29 December 2007

Weihnachtsmarkt Shoe Tips

This is way late, and I intended to publish this sooner, but it turns out I lost track of time and didn't get it out the door before the Christmas markets ended in Germany. Despite that, hopefully this will be useful to people for next year, because I think these tips will stand the test of time.

Weihnachtsmarkt (Christmas Market) Shoe Tip #1: Girls (and guys, in case the male foot fashion world eventually goes this way in some bizarro world) should not come to the market in spikey-heeled footwear. That is, no stilletto heels. Why? Well, you see, many German market squares, the traditional location for the Weihnachtsmarkt, are cobblestoned. I saw several girls this year lose shoes when the spikey heel wedged between two (or possibly more) cobblestones. In one case, a third party was required to extract the foot. So, just wear something flat on the bottom. It will help after a couple Gluehweins anyway.

Tip #2: Speaking of Gluehwein, one should avoid wearing those brand new, sparking white sneakers to the Weihnachtsmarkt. It is inevitable that someone will bump into you or your Gluehwein mug, and spill its contents onto your sparkling white shoes. Unless you like purple splatters on your shoes, then avoid white shoes. In fact, black rubber boots are probably the most practical. They don't show stains, they won't get stuck in the cobblestones and they protect you from the snow.

There you have it. Two important footwear tips to improve your Weihnactsmarkt experience. Chances are, I'll forget them by next year.

22 December 2007

Beer Warmer?


We popped into the Augustiner Brewery a couple times while we were in Salzburg, and one of the first things we saw when we walked in the door was the Beer Warmer. It's basically just a big sink full of warm water, and people soak their full beer mugs in it if it is too cold. I don't understand how a still-liquid beer could possibly be too cold, but I suppose Austrians are different Volk and they apparently have different strokes.

Augustiner Beer Fountain

The procedure at the Augustiner Brewery is interesting. Perhaps all Austrian (& maybe even German) beer halls are like this, I don't know. I guess much, much more research is in order. The whole deal is mostly self-service. You grab a new mug from the shelves near the door (your choice of 0.5 or 1.0 liter mugs), then wash it in the beer fountain, pictured above. Then you pay for your beer. Then you go to the guy at the keg, and he fills it up. Optionally, you can then go to the beer warmer, if you swing that way.

The first day we were there, they were serving only Märzen beer, but we came back a few days later when they cracked open the keg of bock beer. I wasn't a big fan of the Märzen, but the bock rocked.

The beer hall was pretty cool, there were 4 huge rooms, at least one of which was non-smoking. That was nice. There are several stalls outside the hall that served food. The first day I was at one of the sausage stalls, and I watched the guy put some yummy looking grilled sausages into a nice looking bun with mustard and what looked like curry powder for the woman in front of me. I asked what it was. He told me it was a "wadlfjkhao diuvkjhba" or something like that. This Salzburger Austrian dialect of German is pretty bizarre. I didn't see anything on the menu with the perceived first couple syllables, so I asked again. This time I heard a bit differently, he clearly said "wdlafhjkoa dovkjhab"! Aahh... Still not on the menu, and the woman didn't hand him much money, so I asked for one of "what she had".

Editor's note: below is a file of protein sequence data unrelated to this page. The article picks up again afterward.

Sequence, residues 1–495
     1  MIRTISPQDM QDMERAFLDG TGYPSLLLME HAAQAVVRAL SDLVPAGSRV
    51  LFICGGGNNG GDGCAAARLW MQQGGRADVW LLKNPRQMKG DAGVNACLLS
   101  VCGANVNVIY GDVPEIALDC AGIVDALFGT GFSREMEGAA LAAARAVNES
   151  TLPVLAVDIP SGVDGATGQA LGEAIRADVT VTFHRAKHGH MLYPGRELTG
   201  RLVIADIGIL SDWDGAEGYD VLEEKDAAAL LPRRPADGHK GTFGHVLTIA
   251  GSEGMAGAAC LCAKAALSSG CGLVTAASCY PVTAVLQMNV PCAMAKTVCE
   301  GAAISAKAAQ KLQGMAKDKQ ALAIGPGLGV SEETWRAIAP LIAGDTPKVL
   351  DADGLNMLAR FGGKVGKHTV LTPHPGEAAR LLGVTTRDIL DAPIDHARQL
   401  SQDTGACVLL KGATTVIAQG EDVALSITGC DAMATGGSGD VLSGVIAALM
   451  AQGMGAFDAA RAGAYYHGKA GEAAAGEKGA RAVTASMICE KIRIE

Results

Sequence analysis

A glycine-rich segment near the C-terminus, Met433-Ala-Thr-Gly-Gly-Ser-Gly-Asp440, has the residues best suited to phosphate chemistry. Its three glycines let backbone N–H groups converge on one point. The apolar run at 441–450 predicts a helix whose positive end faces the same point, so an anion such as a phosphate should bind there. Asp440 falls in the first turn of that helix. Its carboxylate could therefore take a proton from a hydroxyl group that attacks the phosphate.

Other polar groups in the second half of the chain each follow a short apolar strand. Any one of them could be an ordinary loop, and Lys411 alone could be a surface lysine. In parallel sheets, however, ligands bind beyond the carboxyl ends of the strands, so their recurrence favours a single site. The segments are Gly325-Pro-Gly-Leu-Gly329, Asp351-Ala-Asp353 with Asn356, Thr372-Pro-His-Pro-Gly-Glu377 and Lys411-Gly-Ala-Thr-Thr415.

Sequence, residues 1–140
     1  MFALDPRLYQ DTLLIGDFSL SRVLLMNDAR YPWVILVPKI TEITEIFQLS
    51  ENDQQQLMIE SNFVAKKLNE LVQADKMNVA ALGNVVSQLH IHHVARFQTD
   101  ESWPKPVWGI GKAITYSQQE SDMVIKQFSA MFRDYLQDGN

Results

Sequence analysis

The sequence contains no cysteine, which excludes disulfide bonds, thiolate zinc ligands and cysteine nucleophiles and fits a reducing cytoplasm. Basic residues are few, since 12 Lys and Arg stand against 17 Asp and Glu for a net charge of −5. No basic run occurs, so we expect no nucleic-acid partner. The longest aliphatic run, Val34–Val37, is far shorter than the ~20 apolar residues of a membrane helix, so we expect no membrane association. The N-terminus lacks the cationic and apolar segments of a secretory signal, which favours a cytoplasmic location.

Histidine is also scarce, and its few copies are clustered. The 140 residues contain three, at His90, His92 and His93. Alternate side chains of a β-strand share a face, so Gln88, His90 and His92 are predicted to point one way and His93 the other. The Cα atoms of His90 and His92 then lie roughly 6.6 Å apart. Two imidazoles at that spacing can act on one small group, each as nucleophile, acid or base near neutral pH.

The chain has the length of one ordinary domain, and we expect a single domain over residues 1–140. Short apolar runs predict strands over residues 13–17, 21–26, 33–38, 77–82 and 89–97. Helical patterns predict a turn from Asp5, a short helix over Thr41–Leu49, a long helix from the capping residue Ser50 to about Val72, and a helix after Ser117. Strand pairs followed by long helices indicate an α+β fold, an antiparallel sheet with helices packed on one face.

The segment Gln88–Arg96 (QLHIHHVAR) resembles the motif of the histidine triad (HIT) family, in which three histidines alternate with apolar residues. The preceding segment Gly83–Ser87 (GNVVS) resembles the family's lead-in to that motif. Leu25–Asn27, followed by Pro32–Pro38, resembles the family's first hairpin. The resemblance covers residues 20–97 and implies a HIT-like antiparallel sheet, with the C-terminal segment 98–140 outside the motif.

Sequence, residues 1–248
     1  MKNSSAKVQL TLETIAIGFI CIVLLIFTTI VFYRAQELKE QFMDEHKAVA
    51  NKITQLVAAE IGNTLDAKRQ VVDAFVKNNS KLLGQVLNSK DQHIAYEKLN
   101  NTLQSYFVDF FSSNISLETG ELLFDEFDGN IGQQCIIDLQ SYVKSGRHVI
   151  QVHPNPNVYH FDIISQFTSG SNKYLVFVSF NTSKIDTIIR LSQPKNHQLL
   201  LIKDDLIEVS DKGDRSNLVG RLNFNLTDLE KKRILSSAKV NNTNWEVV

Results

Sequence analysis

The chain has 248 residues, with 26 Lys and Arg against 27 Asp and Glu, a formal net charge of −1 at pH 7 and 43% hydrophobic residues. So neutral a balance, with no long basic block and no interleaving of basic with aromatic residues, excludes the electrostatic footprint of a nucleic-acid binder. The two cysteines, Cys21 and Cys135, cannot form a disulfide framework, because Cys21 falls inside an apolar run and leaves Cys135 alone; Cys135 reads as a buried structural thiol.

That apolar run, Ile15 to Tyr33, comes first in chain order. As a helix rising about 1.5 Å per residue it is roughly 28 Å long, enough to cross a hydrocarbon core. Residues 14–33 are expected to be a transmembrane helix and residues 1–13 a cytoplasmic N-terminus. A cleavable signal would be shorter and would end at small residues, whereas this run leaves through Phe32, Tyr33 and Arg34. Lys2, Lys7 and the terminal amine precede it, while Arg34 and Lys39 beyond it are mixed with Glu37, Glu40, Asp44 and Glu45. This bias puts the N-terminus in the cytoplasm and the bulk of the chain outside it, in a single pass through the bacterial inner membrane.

It was the best €2.20 I ever spent. What I missed while watching him make the one for the woman in front of me was the toasting of the bread and, more importantly, the sauce that featured tons of onion and horseradish cubes that went into bun first. It was incredible, And I have no idea what it is really called. Jeannette was even there, and with her mastery of German and several bizarre dialects, she couldn't make it out either.

Allanimal & His New Drinking Buddies

The second day we came, the day that they served bock beer, was much more crowded. We shared a table with an Austrian couple, who told me that my German is pretty good. That was nice, but they don't have to lie like that... Maybe I should have asked them what the horseradishy toasty sausagey thingy was. They probably would have just told me it was a "woldajhogka vodhjkba". But I already knew that. Eventually they left (probably because Jeannette was eating oranges with her beer), and the group of Italian kids that were waiting for a table sat with us. We talked a bit, and Jeannette decided I needed to be in a picture with them. OK! We also were quite jealous of the guys at the table next to us. They were apparently throwing a bachelor party, and had brought in all kinds of great food. I wanted to join them. I'll have to get over my shyness
before I can do that.

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At most (all?) festivals in Germany, at least Southern Germany (I haven't spent much time in the North, especially Northeast), there are stands that sell Lebkuchenherzen - essentially gingerbread hearts with frosting and sappy phrases. Usually they say things like "I love you" or "my sweetie" or "Grandma's little sweetheart" or "my sunshine". They include holes & a ribbon so they can be worn around the neck, and everyone can see that you are daddy's little princess or treasure or whatever. Usually they are written in German too, but at some places, especially more touristy spots, there will be plenty of english as well.

At the Bad Canstatter Volksfest in Stuttgart this year, we spotted, amongst the German "I love you" and "I'm easy" hearts, the classic English "I have the tits, so I make the rules". Jeannette grabbed the camera and ran over to take the shot.